Osteosarcoma is the most common bone tumor among children, adolescents and young adults. This malignant musculoskeletal tumor affects approximately 400 children under age 20 every year in the United States.
Osteosarcoma occurs most often in children and young adults between 10 and 20 years of age, who are undergoing a growth spurt. It occurs more frequently in boys than in girls.
Osteosarcoma is a malignant form of cancer, which means it tends to spread to other organs or tissues in the body, often starting with the lungs.
The cause of osteosarcoma is unknown, but genetics may play an important role. Unlike some inherited childhood cancers, there is a very low risk of a child with osteosarcoma to have other family members with the same disease.
Symptoms of osteosarcoma depend on the size and location of the tumor, as well as your child’s age and general health.
Indications of an osteosarcoma may include:
Osteosarcomas located in the spinal cord may cause diffuse symptoms that can affect any part of the body.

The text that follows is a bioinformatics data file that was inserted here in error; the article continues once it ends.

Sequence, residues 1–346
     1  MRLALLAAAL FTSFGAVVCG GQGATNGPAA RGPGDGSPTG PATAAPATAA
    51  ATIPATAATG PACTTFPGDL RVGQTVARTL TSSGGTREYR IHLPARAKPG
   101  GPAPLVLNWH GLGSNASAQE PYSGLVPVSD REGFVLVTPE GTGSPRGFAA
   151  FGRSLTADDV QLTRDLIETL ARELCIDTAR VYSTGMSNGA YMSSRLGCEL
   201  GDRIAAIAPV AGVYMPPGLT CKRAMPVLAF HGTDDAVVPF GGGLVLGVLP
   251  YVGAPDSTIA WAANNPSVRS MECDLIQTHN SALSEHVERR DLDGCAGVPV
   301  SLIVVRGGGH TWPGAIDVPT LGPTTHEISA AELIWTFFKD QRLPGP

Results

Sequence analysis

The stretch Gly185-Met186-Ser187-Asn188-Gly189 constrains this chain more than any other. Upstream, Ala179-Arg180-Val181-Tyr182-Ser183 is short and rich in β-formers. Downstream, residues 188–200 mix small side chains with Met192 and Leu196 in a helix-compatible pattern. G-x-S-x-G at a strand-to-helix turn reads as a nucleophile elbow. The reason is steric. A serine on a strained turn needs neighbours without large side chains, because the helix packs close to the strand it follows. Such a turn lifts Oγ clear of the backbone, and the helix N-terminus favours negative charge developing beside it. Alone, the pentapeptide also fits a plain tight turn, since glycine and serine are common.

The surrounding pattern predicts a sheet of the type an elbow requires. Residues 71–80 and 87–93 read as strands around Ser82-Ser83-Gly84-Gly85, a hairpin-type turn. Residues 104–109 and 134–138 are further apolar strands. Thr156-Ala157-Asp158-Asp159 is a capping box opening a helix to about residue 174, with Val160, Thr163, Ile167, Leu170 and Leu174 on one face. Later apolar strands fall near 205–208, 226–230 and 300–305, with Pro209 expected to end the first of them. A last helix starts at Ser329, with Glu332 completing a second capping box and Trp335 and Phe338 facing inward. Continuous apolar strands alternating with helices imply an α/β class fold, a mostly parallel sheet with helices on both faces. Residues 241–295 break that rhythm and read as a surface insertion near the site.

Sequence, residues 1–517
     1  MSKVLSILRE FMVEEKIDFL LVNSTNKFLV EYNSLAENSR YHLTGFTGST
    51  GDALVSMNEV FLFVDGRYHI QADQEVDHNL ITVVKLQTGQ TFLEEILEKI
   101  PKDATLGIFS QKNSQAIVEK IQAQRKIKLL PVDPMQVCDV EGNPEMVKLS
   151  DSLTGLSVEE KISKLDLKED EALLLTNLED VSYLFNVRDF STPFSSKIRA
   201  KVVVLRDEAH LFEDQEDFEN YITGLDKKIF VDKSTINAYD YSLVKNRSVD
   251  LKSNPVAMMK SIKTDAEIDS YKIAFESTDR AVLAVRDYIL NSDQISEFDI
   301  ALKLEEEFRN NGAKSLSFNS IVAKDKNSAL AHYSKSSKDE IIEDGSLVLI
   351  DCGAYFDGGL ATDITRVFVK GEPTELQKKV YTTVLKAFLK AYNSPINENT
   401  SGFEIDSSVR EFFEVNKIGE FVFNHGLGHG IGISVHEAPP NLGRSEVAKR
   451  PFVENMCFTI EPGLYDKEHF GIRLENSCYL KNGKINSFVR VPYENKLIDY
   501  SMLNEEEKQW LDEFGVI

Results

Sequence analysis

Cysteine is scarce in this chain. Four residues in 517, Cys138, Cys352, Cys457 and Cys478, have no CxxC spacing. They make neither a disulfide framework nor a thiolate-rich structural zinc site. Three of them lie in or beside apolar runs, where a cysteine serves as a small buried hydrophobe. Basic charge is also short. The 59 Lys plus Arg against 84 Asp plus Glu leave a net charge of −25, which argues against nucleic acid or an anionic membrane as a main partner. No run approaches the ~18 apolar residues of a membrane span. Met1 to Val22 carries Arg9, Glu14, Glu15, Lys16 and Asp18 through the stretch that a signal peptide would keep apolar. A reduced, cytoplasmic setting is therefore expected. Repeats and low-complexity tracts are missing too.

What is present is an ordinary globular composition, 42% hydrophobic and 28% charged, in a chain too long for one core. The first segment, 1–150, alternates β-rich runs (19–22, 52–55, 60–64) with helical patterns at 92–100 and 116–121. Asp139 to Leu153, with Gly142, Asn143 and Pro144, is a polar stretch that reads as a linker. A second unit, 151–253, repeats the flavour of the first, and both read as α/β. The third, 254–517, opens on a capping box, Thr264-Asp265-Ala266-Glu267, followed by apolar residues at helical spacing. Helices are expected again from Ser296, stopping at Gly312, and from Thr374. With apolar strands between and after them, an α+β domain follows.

Symptoms of osteosarcoma can be challenging to identify in children, so regular check-ups are extremely important. Prompt diagnosis and identification of cancer as early as possible is crucial to overall treatment.
Diagnostic evaluation begins with a thorough medical history and physical examination of your child. A detailed neurological assessment may also be performed. This involves a series of questions and tests to check the brain, spinal cord and nerve function.
At The Children’s Hospital of Philadelphia, clinical experts use a variety of diagnostic tests to diagnose tumors, including:
In addition to diagnosing the specific type of cancer, these tests will also help determine the size, location and stage of the cancer. All of this information is crucial in determining the best treatment option for your child.
At The Children’s Hospital of Philadelphia, we practice collaborative, family-centered care. A team of expert clinicians — including leading orthopedic surgeons and neurosurgeons, oncologists, advanced practice nurses and physician assistants, pediatric nurses, physical and occupational therapists, psychologists and other specialists — will partner with you in the care of your child.